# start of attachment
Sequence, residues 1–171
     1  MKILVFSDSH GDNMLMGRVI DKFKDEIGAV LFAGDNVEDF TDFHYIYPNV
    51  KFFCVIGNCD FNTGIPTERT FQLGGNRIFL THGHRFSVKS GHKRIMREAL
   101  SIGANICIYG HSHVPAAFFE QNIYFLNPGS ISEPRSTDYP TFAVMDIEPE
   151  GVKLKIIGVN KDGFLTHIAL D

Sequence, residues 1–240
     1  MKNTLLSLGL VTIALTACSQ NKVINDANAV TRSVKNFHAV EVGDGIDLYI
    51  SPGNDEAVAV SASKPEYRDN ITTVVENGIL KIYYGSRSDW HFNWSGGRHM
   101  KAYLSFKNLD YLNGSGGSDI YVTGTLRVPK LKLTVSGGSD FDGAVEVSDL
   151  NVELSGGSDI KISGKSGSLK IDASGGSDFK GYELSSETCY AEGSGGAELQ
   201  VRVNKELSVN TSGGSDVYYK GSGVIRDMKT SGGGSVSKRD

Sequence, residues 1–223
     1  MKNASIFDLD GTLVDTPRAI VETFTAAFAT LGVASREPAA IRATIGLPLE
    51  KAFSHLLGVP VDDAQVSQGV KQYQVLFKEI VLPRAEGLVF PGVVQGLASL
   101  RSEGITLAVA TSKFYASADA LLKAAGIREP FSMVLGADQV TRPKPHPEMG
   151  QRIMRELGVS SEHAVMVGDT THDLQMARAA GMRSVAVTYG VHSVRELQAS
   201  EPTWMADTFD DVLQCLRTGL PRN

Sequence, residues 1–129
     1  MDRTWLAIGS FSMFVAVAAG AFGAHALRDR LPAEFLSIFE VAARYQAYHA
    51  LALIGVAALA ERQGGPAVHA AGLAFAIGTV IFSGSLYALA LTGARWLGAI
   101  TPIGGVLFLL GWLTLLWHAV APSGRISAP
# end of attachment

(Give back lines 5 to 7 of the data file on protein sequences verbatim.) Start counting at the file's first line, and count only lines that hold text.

   151  GVKLKIIGVN KDGFLTHIAL D

Sequence, residues 1–240
     1  MKNTLLSLGL VTIALTACSQ NKVINDANAV TRSVKNFHAV EVGDGIDLYI